July 2015 Magazine – Define A-Z Thursday, Jul 2 2015 

Four (4)/Full Color Separation: Each of the colors that make “full color” are separated in preparation to print separately – these layers make up the full color printed item.  A color photograph is reproduced in the print media through this process.

*Galley: A mock up of the books layouts. This layout doesn’t usually have final illustrations, artwork, or photographs. Galleys are rarely included in basic prices.

* term not normally used in our offices

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For other writing, printing, publishing, marketing lingo, check our glossaries at
http://www.gregathcomany.com/info/dictionary and
http://www.gregathcompany.com/info/dictionary/writers.html

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August, 2013 Electronic Magazine – Genealogy Wednesday, Aug 7 2013 

As a reader or researcher how many times have you heard, “The book has been written on that”, only to find there is no access to it? Undertaking an authorized reprint is a way to benefit many, including the original author(s). Today, that book that has already been written, may have only had a handful of books published and none of them in public collections. For volunteer groups, this is also a way to begin working with publications that may not be as difficult or time consuming as producing original work.

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Taken from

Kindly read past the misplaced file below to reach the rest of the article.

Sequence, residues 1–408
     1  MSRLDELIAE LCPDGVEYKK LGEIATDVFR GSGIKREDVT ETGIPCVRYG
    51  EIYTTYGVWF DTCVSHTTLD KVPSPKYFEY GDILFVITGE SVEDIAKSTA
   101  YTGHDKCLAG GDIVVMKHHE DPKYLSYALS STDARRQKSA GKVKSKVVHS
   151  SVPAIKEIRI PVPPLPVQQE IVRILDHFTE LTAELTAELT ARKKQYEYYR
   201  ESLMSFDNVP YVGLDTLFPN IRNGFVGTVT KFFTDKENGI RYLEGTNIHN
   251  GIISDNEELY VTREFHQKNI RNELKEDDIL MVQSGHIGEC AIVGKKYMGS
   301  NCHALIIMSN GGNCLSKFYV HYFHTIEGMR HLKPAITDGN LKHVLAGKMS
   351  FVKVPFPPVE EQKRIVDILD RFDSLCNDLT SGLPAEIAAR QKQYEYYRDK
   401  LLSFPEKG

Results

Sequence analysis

http://www.gregathcomany.com/publish/reprint.htm

May 2006, V5#5: Define Thursday, Jan 29 2009 

Fastback Binding: Soft type binding. Similar to perfect binding method – cover consists of separate front and back covers with a reinforced cloth spine.

Finish: Term that describes the surface characteristic of a particular paper.  i.e. antique, cockle, eggshell, embossed, English, felt, leatherette, linen, machine, pebble, vellum, wove, etc.

March 2006, V5#3: Production Thursday, Jan 29 2009 

There are those who like the ascetic look of a finished side stitch (tape and staple) book.  For those, we now also offer, upon request, the fastback cloth tape method to eliminate the acidity/rust factor of the wire stitch through the years.

March 2005, V4#3: Production Wednesday, Jan 28 2009 

Q. Will my book be archival and/or acid free?

A. It depends on how technical your definitions of acid free and/or archival are. This webpage has been provided for further education. Short Answer:  Our books meet several standards and are considered by many to be acid free. 

We utilize the offset printing method and/or digital copying and a variety of binding processes. These methods add a small percentage of acidic material while printing on any paper. We have yet to find any publishing process that is totally (100%) acid free, even if printed on high cotton (or “rag”) content, acid free paper. Additionally, the first bare hand that touches any acid free material also introduces acid to it.  However, by Gregath’s use of pH balanced paper (commonly referred to as “acid free”), your book will be over 99% acid free and will last for several decades – depending upon the owner’s treatment of the book.

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This section is drawn from information online at http://www.gregathcompany.com/archival.html

March 2005, V4#3: Design Wednesday, Jan 28 2009 

If archival quality is important to the author, they should take a moment and define what exactly is important to them and why.  After this is complete, they can begin seeking printer/publishers and/or methods for their book production.  Always query about definition of archival words and jargon as they seem to vary widely – never assume.